The Herald contained an advertisement on Feb. 8, 1893 – The W.L. Roddey and Co., has been turned into a stock company and is now Roddey Mercantile Company.
On Feb. 5, 1896 – Mr. James S. White is in charge of the bicycle department of the Rock Hill Hardware Company.
On Feb. 12, 1896 there was an ad for the Rock Hill Hardware Company, John Gelzer, Manager stating they carry Syracuse Cremson Rim Bicycles and see James S. White for service.
The Herald reported on April 15, 1896 – “That the RH Hardware Co., has been awared the contract for the fencing at Winthrop College. The fence will be all steele pickets of an ornamental design with very handsome gates. There will be over 4,000 ft., of the fence enclosing the entire thirty acres of the college property. The price to be paid is $1,000. as appropriated by the legislature.”
The Herald reported on April 7, 1911 – “That Dr. C.E. Rowe an experienced druggist from Spartanburg has purchased Mr. Bowen’s interest in the Bowen – Poe Drug Co., he will move to Rock Hill on Monday. He is a graduate of the Philadelphia College of Pharmacy.”
The Record reported on April 18, 1927 – “That John M. Simrill, recently associated with Rock Hill Supply Company as a salesman, has entered to grocery business. He is located on East White Street, next to Starnes Plumbing Company. He had worked previously for the Rock Hill Grocery Company and Gill and Moore Grocery Company.”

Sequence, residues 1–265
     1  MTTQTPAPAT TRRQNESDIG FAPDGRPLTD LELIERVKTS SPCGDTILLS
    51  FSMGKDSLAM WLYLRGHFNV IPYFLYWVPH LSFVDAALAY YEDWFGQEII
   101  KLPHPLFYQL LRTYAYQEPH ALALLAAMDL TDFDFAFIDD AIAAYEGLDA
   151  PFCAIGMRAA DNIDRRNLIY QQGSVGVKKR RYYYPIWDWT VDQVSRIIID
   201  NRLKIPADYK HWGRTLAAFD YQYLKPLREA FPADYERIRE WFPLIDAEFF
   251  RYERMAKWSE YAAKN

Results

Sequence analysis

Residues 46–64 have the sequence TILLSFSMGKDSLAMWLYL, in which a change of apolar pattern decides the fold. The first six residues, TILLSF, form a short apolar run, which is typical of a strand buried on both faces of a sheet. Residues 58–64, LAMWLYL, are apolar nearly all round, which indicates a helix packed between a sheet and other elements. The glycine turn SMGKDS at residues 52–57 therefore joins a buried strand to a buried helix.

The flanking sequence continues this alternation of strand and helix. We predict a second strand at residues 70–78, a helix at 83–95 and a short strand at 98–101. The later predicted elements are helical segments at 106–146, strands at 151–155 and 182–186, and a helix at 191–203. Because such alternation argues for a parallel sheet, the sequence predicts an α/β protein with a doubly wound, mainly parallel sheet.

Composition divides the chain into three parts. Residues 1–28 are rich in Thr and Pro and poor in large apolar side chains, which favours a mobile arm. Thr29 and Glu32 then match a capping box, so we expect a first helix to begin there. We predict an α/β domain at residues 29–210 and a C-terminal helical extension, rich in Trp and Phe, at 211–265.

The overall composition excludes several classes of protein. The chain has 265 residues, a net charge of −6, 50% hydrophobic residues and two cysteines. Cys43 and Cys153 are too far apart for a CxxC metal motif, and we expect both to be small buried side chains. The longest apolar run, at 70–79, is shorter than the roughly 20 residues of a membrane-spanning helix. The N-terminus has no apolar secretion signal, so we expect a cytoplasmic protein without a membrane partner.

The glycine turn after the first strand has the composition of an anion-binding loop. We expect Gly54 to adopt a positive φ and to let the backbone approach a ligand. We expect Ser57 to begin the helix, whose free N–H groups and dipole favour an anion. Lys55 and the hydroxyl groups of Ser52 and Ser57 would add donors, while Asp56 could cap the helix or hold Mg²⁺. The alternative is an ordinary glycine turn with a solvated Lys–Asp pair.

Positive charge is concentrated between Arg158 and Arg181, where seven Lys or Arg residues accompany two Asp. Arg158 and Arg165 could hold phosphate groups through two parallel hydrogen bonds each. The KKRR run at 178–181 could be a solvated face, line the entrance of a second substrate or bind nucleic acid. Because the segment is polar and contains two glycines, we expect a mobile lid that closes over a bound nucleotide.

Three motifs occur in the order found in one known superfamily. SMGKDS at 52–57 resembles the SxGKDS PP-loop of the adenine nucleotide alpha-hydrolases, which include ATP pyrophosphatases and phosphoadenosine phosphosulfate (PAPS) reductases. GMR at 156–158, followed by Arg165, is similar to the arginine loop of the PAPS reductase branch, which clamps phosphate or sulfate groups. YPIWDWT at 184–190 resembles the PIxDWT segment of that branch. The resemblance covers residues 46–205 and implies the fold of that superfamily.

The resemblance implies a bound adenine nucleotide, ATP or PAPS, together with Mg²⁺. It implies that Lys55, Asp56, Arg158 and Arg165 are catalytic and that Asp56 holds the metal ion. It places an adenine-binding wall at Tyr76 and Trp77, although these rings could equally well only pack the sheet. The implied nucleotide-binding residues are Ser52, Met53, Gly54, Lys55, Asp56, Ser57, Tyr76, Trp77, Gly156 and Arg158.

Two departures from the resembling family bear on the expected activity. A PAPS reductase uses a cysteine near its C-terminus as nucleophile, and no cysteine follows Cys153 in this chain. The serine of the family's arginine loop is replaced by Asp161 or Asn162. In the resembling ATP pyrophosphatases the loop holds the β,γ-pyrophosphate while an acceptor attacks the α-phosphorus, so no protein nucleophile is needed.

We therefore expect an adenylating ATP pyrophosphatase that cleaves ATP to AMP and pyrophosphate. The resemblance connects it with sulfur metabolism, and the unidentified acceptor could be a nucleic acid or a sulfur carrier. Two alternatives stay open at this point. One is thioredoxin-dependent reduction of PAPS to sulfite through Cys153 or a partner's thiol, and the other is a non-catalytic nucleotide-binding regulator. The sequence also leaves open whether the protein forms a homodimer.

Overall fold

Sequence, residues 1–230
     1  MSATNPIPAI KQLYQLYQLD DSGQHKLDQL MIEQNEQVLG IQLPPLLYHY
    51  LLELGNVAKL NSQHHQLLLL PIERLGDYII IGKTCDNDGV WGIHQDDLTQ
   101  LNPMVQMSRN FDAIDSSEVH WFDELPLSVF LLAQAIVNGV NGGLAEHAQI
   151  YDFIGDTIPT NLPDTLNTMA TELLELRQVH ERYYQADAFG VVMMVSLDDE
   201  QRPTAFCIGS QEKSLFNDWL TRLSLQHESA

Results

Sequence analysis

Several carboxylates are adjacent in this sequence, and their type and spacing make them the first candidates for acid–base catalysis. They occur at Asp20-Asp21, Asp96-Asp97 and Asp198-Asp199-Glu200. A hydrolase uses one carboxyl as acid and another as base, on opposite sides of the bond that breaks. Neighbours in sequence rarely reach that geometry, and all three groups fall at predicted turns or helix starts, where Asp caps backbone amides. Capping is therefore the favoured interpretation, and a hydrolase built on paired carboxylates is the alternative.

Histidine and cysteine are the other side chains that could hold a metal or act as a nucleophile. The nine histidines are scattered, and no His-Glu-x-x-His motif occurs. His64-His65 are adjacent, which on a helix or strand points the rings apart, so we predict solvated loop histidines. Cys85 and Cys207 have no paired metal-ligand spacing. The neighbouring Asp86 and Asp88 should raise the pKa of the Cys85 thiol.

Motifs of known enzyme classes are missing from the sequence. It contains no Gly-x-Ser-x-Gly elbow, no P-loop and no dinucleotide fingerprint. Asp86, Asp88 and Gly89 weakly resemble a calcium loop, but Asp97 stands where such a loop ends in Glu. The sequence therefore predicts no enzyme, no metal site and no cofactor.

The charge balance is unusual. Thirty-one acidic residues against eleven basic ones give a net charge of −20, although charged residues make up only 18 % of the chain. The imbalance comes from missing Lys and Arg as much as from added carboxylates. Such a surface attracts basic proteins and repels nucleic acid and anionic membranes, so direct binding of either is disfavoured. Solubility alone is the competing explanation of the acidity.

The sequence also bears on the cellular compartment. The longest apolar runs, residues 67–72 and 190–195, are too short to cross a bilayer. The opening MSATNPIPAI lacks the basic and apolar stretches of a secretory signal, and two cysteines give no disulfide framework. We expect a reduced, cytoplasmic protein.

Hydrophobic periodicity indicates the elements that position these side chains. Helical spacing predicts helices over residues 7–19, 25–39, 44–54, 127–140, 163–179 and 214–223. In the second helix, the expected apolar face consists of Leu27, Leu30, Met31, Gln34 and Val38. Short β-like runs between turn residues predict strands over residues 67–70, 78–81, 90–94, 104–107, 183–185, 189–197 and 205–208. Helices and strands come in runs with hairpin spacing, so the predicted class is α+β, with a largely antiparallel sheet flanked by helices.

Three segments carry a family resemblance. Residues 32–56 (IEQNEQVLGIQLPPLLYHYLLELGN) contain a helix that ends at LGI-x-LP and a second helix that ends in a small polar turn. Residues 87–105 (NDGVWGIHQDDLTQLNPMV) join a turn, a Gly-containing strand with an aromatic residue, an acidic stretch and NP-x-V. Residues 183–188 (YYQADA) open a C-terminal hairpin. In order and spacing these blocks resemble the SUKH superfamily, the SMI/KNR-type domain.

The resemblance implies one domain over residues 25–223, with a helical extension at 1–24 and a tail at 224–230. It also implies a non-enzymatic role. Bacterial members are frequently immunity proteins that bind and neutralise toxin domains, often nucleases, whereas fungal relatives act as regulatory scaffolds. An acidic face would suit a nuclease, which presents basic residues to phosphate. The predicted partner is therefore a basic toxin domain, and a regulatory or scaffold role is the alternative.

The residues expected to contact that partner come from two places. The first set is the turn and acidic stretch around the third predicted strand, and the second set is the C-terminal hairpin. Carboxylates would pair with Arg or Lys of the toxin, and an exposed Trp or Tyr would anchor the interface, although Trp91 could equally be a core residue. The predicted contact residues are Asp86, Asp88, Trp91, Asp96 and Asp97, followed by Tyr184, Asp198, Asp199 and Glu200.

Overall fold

[Information provided via Along the Land’s Ford Road – Vol. I, 2008 by William B. White, Jr.]
History of the Rock Hill Post Office: This was an article in the Herald on May 29, 1931 provided as part of an advertisement for People’s National Bank, the information from Buena Wood due to the first day the Post Office was being operated on a temporary basis on Hampton Street as the new Federal Building (Gettys Center) was being constructed.
“The first PO in Rock Hill was on Trade Street, where the A&P Grocery store is now (1931), Mr. Ferguson was Post Master. The next site was on West Main Street, on the lot now occupied by Marshall Oil Company in 1931. The Post Mistress was Maria Rutland. The PO then moved to Ratterree’s Corner on the spot now occupied (1931) by Hood Clothing Company. Col. William Kerr was Post Master. The next site was on Main Street in a building adjacent to W.L. Roddey and Company. A fire destroyed this building and it was then moved to the Roddey Hotel. Miss Buena Wood was then Post Mistress. The PO then moved to one of Mr. Roddey’s storerooms now occupied by Rock Hill Hardware Company in 1931. Col. Cad J. Pride was the Post Master. The next site was on Main Street in the White Property, now partly occupied by the Merritt Shoe Company in 1931. The next Post Master was E.E. Poag. In 1906 the present PO on the corner of Main and Caldwell was built, following Mr. Poag, post master have been; V.B. McFadden, E.E. Poag and A.R. Barrett. Temporary quarters for the PO are now in the Barber – Sykes Building on Hampton Street opposite the City Hall.” Buena Wood – Author